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The Blanket - A Journal of Protest & Dissent

From the Classroom to the Grave

Anthony McIntyre • The Other View, Summer 2005

Putting my four year old on the school bus this morning, seeing her safely seat belted in, I walked home content in the belief that I would have her back with me at the end of the school day. As the bus faded out of view, my thoughts drifted to the families of those five children who lost their lives in the Meath school bus tragedy. At the time the accident was unfolding I was travelling on a bus from County Monaghan. Whenever I use that route, the bus station in Armagh city is crammed with children waiting to make the journey home to their families. Most disembark at Portadown. The journey isn't long for them. They are excitable but good-humoured. Like many adolescents in the company of their peers they enjoy being loud. Banter is their forte. While the bus is seat belt equipped, the children never put them on. It restrains their ability to hit one of their friends a playful crack on the back of the head somewhere up the bus or rapidly interchange with each other as they swap the news of the day or their plans for the weekend.

The Bus Eireann vehicle involved in the Meath tragedy was not fitted with seat belts. Believe it or not, this is perfectly legal under Department of Transport regulations. Some concerned observers have taken to calling for parents to boycott the bus unless seatbelts are installed. This confronts parents with a difficult choice. The poorer sections of society are dependent on public transport to get their children to their place of learning. They may feel it self-defeating to deny their children education in the hope of attaining seatbelts they may never use.

Would the accident have been prevented had seatbelts been installed in the vehicle carrying the deceased children? It is unlikely. Taking the horse to the water is one thing, getting it to drink while there is something else altogether. It is not as if the children are unaware of the risks. Cigarette smoking kills more people every year than traffic accidents. Kids know the consequences but insist on doing their own thing all the same. Armagh bus station has no shortage of young smokers waiting to make the homebound journey. Would they be any more amenable to the argument for wearing seatbelts than they would be to one for kicking the smoking habit?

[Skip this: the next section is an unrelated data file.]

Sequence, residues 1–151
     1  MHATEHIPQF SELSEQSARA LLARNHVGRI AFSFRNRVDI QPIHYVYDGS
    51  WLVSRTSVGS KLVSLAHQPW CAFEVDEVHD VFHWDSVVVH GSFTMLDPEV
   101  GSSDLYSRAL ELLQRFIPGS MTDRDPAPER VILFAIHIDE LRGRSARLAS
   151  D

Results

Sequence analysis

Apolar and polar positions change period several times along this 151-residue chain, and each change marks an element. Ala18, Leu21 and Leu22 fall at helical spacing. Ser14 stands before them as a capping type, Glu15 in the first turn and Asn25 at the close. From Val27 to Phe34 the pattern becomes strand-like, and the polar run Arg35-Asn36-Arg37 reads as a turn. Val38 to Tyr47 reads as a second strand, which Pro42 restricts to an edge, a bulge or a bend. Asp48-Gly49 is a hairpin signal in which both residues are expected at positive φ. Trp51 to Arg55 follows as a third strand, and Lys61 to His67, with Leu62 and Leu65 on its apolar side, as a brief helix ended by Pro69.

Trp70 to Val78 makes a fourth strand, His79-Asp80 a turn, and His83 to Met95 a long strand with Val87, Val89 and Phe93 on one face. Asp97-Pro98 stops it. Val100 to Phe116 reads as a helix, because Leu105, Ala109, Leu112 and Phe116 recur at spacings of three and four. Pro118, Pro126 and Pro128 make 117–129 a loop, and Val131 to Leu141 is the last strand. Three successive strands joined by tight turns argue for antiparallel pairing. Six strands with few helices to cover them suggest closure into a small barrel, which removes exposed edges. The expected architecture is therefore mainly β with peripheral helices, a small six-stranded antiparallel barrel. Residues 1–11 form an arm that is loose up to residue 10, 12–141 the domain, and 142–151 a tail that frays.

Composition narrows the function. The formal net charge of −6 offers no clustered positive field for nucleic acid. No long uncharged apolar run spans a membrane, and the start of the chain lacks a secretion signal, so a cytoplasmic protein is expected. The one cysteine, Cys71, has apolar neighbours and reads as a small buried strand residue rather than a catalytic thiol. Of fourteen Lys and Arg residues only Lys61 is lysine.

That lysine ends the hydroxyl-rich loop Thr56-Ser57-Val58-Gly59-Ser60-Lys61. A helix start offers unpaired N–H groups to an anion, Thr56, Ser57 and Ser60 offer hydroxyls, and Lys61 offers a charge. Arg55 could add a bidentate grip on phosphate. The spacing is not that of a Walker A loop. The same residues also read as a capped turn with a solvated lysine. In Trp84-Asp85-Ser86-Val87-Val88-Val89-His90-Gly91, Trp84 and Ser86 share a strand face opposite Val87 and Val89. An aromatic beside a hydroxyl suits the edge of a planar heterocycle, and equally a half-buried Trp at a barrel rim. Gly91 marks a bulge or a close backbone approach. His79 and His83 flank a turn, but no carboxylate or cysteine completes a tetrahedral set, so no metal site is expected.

Yet society must be protected and that means protecting the children of society whether they will it or not. But how is a seatbelt rule to be implemented? Are those who refuse to wear them to be fined? And what use are seatbelts on a bus for 56 people if the authorities insist on allowing almost a hundred kids to board it? Such sardine like packing resonates of the Hillsborough football stadium tragedy in Sheffield just over 16 years ago. Society's system failing society's citizens by jemmying them into spatially inadequate locations clearly never designed to house them.

Minister for Transport Martin Cullen cancelled his attendance at the European Conference of Transport Ministers in Moscow in order to return to the country immediately. The transport system to which he returns is shoddy, the inevitable consequence of what Green Party deputy leader Mary White says is 'this lopsided wealth of ours.'

Ireland is the world's seventh most oil-dependent economy. Yet rather than provide first class public services including transport it invests public money on the road network to facilitate the private road user.

Last year there was a total of 379 road traffic accident deaths in the Republic. With greater emphasis on roads rather than on public transport the figure can only get worse. Irish citizens and their children deserve much better. In the meantime get the emergency plans ready for the next disaster. Without a holistic approach to the transport question we are simply counting down the days.





















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The Blanket - A Journal of Protest & Dissent



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Index: Current Articles

23 October 2005

Other Articles From This Issue:

Badges? We Don't Need No Stinkin Badges
Mags Glennon

A Long Way Down
Anthony McIntyre

A Party of Their Own
Mick Hall

Reid's Sectarian Slur
Eamon McCann

Repeal Anti-Catholic Section of Act of Settlement 1701
Fr. Sean Mc Manus

Nicola McCartney & the Facts About Irish History
Seaghán Ó Murchu

Usual Suspects
Anthony McIntyre

Socialism in Ireland
Francis McDonnell

Turning "Smoke ban" thing into ANTI-DIOXIN movement
John Jonik

From the Classroom to the Grave
Anthony McIntyre

Yet More Voices Against Censorship
Davy Carlin

The Death Fast Enters its 6th Year
Tayad Committee

Setting Up Abbas
Jeff Halper

6 October 2005

A Bleak Future
Anthony McIntyre

Provos Censor de Chastelain in Bid to Lie About Guns
Tom Luby

Taking Politics Out of the Gun
Brendan O'Neill

Sinn Fein - The Shark's Party
Mick Hall

Live From Hollywood: The IRA Disarms
Harry Browne

Show Us the Money
Dr John Coulter

Doris Dead
Anthony McIntyre

Whatever Happened to... 'er, You Know... Whatshisname?
Tom Luby

The Dirty War Goes On
George Young

Reject All British Institutions
Kevin Murphy

Capitalism Vs Socialism
Liam O Ruairc

Apology to Dr Dion Dennis and CTheory website
Carrie Twomey



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